A spacecraft carrying more than 7,000 pounds of supplies will be launching toward the International Space Station Thursday, and the public will have the chance to view it via broadcast.
NASA announced in a press release that Orbital ATK’s Cygnus spacecraft is slated to lift off of United Launch Alliance’s Atlas V rocket from Cape Canaveral Air Force Space Launch Complex 41 in Florida at 5:55 p.m. EDT, the start of a 30-minue window. The agency will broadcast the launch on NASA TV.
Orbital ATK is launching Cygnus under a Commercial Resupply Services contract with NASA, marking the fourth time the private American aerospace manufacturer will conduct a contracted mission to the International Space Station. The company hasn’t launched a spacecraft since its unmanned Antares rocket exploded after liftoff in October 2014. It was the first disastrous launch to occur in NASA’s commercial spaceflight era.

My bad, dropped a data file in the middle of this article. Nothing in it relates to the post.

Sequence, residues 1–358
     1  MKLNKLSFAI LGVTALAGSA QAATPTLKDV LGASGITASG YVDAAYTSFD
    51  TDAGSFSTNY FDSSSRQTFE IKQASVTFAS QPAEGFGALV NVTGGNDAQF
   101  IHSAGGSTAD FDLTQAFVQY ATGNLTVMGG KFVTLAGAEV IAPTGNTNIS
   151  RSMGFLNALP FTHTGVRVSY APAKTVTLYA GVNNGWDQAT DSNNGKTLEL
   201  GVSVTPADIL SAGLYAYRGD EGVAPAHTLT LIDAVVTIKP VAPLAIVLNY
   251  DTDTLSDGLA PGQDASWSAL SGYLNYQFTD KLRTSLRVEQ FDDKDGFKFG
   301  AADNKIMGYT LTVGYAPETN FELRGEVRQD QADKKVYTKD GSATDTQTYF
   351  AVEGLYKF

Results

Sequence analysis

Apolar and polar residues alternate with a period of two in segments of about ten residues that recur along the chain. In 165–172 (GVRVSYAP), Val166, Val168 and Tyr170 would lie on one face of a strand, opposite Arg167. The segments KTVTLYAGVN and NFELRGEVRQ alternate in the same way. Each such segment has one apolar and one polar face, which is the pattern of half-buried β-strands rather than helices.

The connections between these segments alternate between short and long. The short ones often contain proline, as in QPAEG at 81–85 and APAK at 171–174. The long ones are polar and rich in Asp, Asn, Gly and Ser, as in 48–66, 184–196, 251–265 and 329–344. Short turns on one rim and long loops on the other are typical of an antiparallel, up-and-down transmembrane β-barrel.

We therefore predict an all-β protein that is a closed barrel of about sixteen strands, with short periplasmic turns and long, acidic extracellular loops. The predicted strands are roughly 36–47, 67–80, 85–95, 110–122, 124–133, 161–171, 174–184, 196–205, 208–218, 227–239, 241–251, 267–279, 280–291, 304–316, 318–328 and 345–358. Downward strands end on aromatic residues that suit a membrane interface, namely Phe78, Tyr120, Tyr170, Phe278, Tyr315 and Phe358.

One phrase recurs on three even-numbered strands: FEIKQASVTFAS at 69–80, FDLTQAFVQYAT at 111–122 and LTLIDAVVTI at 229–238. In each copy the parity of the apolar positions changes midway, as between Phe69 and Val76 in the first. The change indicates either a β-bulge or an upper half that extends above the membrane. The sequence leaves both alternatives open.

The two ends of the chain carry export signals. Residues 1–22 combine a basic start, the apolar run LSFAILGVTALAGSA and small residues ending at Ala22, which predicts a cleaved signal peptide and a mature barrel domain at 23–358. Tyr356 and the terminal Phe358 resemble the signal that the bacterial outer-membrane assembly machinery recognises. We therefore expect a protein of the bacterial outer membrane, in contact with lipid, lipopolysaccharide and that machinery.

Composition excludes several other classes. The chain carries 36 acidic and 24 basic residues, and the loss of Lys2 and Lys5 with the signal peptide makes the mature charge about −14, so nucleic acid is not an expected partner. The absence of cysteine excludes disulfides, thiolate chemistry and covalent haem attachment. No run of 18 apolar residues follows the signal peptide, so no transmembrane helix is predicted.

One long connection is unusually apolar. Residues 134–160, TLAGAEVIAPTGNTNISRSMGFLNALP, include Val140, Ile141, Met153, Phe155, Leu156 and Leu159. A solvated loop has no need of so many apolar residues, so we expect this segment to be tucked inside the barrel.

Cygnus’ cargo will include crew supplies, materials for research, and vehicle hardware. The items will help to support a large number of approximately 250 science and research investigations, all of which will take place during International Space Station Expedition 45 and 46. Cell cultures, bacteria, and additional microorganisms will be studied using the science-oriented payloads. The first microsatellite to be sent from the space station is included in the shipment. Also being supported by the shipment are experiments pertaining to gases and liquids, the study of molten steel’s thermo-physical properties, and the assessment of flame-resistant textiles.
Some items simply stop working aboard the International Space Station. As a result, Cygnus will deliver a replacement Microsoft HoloLens device to be used for NASA’s Sidekick endeavor, a jet pack for spacewalks, and nitrogen and oxygen tanks.
Provided a successful launch takes place, Cygnus will reach the International Space Station on Dec. 6. NASA astronauts Kjell Lindgren and Scott Kelly would then use the station’s robotic arm to grab a hold of Cygnus at approximately 5:30 a.m. EDT. Cygnus will be at the station for more than a month, then will be sent toward Earth, where it will explode upon re-entry into the atmosphere.
Filed Under: Aerospace + defense